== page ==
A community for students.
Here's the question you clicked on:
 0 viewing
 2 years ago
if a,b,c...k are the roots of some n degree equation,
x^n + (p_1)(x^n1) + (p_2)(x^n2)....(p_n1)(x) + p_n = 0
p_i would mean " i " is in the subscript ..
then how to prove that :
(1+ a^2) (1 +b^2)....(1 +k^2) = (1  p_2 + p_4 p_6 ....)^2 + (p_1  p_3 + p_5  .........)^2
hope i could write it clearly..
 2 years ago
if a,b,c...k are the roots of some n degree equation, x^n + (p_1)(x^n1) + (p_2)(x^n2)....(p_n1)(x) + p_n = 0 p_i would mean " i " is in the subscript .. then how to prove that : (1+ a^2) (1 +b^2)....(1 +k^2) = (1  p_2 + p_4 p_6 ....)^2 + (p_1  p_3 + p_5  .........)^2 hope i could write it clearly..

This Question is Closed

hartnn
 2 years ago
Best ResponseYou've already chosen the best response.0simple for 2nd degree...but donno how to generalize.. u got for 2nd degree ?

sauravshakya
 2 years ago
Best ResponseYou've already chosen the best response.1The first step would be this one: x^n + (p_1)(x^n1) + (p_2)(x^n2)....(p_n1)(x) + p_n =(xa)(xb)(xc)...(xk)

shubhamsrg
 2 years ago
Best ResponseYou've already chosen the best response.0yep i got it for 2 nd degree,,same problem,,how to generalize @hartnn 2nd step ? @sauravshakya

sauravshakya
 2 years ago
Best ResponseYou've already chosen the best response.1But I dont this will lead to the solution or not: p_0=1 p_1=a+b+c...k

experimentX
 2 years ago
Best ResponseYou've already chosen the best response.0try making use of complex conjugates.

experimentX
 2 years ago
Best ResponseYou've already chosen the best response.0though not sure if this will work.

sauravshakya
 2 years ago
Best ResponseYou've already chosen the best response.1(xa)(xb)(xc)...(xk) =x^n(a+b+c+...+k)x^n1 +...+(abc...k)

sauravshakya
 2 years ago
Best ResponseYou've already chosen the best response.1Actually its: p_1=(a+b+c...k)

experimentX
 2 years ago
Best ResponseYou've already chosen the best response.0\[ (x  ia_1)(xia_2)(xia_3) .... (xia_n) = x^n + i(p_1)(x^{n}1)  (p_2)(x^{n2})ip_3 x^{n3} .... \\ (p_n1)(x) + p_n\]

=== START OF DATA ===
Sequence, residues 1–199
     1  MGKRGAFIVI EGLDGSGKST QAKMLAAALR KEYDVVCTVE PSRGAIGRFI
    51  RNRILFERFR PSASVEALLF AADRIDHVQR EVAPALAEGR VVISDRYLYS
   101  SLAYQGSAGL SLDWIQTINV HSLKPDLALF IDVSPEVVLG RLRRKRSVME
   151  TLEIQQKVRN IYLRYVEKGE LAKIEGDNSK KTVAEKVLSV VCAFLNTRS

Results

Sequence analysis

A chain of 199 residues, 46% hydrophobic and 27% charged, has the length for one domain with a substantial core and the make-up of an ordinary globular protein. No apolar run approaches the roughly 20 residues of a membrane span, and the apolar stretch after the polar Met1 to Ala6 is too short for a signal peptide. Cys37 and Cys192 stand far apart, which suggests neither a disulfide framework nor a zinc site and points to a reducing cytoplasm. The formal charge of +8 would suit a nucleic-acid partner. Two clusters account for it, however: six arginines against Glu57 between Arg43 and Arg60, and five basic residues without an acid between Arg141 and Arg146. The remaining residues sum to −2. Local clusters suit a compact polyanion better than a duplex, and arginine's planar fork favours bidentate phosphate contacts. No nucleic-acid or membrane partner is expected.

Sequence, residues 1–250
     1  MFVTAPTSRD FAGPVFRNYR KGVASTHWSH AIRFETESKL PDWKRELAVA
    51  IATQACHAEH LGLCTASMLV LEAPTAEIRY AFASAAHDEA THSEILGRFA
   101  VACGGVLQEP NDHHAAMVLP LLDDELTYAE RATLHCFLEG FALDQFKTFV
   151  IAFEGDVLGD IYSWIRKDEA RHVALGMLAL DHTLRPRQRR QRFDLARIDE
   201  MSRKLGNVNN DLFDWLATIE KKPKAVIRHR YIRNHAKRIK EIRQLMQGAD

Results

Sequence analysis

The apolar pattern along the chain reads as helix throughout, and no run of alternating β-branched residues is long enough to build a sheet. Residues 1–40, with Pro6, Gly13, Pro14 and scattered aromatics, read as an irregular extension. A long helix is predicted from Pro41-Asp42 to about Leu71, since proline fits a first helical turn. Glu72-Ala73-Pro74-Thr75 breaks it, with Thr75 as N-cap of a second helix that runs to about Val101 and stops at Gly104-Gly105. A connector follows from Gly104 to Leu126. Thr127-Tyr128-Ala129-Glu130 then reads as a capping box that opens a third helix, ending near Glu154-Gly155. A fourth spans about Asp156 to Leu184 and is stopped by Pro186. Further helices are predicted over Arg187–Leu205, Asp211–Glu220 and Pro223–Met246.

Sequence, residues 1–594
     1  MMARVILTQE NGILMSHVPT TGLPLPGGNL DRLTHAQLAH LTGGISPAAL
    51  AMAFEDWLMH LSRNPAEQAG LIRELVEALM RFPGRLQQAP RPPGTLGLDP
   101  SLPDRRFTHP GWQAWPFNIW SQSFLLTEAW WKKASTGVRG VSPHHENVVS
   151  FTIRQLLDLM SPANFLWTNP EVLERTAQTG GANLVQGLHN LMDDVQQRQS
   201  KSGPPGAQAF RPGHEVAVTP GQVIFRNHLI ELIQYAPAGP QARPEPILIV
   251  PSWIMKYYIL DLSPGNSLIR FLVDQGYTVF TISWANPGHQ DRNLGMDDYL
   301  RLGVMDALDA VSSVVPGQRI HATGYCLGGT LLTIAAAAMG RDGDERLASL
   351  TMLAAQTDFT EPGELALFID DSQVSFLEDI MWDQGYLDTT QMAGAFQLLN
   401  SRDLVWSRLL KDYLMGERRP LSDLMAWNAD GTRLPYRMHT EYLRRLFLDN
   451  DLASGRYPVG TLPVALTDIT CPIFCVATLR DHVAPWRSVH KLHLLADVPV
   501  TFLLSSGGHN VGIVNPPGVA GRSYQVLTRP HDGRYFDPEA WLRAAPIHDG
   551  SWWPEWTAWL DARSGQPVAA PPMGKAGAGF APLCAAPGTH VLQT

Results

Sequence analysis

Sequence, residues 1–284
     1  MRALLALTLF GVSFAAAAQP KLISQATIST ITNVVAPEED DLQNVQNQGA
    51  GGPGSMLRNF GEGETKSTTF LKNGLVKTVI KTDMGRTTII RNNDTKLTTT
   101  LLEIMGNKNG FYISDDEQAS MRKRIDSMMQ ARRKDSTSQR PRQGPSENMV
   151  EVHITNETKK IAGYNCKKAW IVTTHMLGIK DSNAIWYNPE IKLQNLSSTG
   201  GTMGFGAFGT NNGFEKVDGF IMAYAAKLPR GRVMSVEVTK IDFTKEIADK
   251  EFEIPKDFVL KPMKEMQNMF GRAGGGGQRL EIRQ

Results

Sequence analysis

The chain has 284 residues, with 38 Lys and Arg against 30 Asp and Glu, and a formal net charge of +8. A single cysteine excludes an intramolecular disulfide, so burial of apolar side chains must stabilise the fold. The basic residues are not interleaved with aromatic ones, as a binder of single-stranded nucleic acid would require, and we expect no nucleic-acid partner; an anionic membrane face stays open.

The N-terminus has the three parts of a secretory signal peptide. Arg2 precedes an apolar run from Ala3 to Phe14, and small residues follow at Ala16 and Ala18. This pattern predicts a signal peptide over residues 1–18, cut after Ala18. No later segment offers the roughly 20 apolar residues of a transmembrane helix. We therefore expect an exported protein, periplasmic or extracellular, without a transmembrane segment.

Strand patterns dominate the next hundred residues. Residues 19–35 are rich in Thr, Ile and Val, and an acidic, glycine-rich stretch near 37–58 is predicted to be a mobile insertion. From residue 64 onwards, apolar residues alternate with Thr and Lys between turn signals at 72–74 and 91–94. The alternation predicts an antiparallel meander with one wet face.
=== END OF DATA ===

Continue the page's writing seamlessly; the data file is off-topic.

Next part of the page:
experimentX
 2 years ago
Best ResponseYou've already chosen the best response.0multiply those ... and put back x=1

shubhamsrg
 2 years ago
Best ResponseYou've already chosen the best response.0can euler's formulla help ?

experimentX
 2 years ago
Best ResponseYou've already chosen the best response.0\[ (x + ia_1)(x+ia_2)(x+ia_3) .... (x+ia_n) = x^n  i(p_1)(x^{n}1) + (p_2)(x^{n2})+ip_3 x^{n3} .... \\ (p_n1)(x) + p_n \] looks like awful generalization.

experimentX
 2 years ago
Best ResponseYou've already chosen the best response.0looks like the general term would be \[ \huge \prod_{i=1}^{n}(xia_0) = \sum_{j=0}^n x^{nj} p_j i^j\\ \huge \prod_{i=1}^{n}(x+ia_0) = \sum_{k=0}^n x^{nk} p_k (i)^k\] where p_0 = 1 try multiplying those two and put x=1

experimentX
 2 years ago
Best ResponseYou've already chosen the best response.0looks promising though looks rigorous.

experimentX
 2 years ago
Best ResponseYou've already chosen the best response.0on the putting x=1, you would naturally get (1+ a^2) (1 +b^2)....(1 +k^2) on LHS side.

experimentX
 2 years ago
Best ResponseYou've already chosen the best response.0on the right side you would be \[ \Large\sum_{j=0}^n \sum_{k=0}^n p_j p_k (1)^k (i)^{j+k} \] the imaginary terms would cancel out because it only happens if j+k is odd ... so either j is odd or k is odd. ... if that's the case then the other variable will be even and we have \[ \Large\sum_{j=0}^n \sum_{k=0}^n p_j p_k (1)^k (i)^{j+k} (1)^j\]

shubhamsrg
 2 years ago
Best ResponseYou've already chosen the best response.0i'd give this a try will come back to you @experimentX

experimentX
 2 years ago
Best ResponseYou've already chosen the best response.0yeah sure ... still looks pretty rigorous.

experimentX
 2 years ago
Best ResponseYou've already chosen the best response.0the other way would be \[ (x+a^2)(x+b^2) ... = x^n + (a^2+b^2 ..)x^{n1} + ... \\ x^n + ((a+b+...)^2  2(ab +bc +...))x^{n1} + ... \\ x^n + (p_1^2  2p_2)x^{n1} + ... \] this looks equally rigorous.

siddhantsharan
 2 years ago
Best ResponseYou've already chosen the best response.4Its pretty simple. Write P(x) = (xa)(xb)......(xk) = x^n + (p_1)(x^n1) + (p_2)(x^n2)....(p_n1)(x) + p Put=> x = i in this identity. => (i  a)(ib).........(ik) = (1  p_2 + p_4 p_6 ....)i + (p_1  p_3 + p_5  .........) OR it can also be: => (i  a)(ib).........(ik) = (1  p_2 + p_4 p_6 ....) + (p_1  p_3 + p_5  .........)i In either case take modulus both sides to prove the required.

siddhantsharan
 2 years ago
Best ResponseYou've already chosen the best response.4Is it fine guys?

experimentX
 2 years ago
Best ResponseYou've already chosen the best response.0yeah seem simpler that way.

mukushla
 2 years ago
Best ResponseYou've already chosen the best response.0im late ... lol nice :)

shubhamsrg
 2 years ago
Best ResponseYou've already chosen the best response.0cool! B thanks a lot @siddhantsharan
Ask your own question
Sign UpFind more explanations on OpenStudy
Your question is ready. Sign up for free to start getting answers.
spraguer
(Moderator)
5
→ View Detailed Profile
is replying to Can someone tell me what button the professor is hitting...
23
 Teamwork 19 Teammate
 Problem Solving 19 Hero
 Engagement 19 Mad Hatter
 You have blocked this person.
 ✔ You're a fan Checking fan status...
Thanks for being so helpful in mathematics. If you are getting quality help, make sure you spread the word about OpenStudy.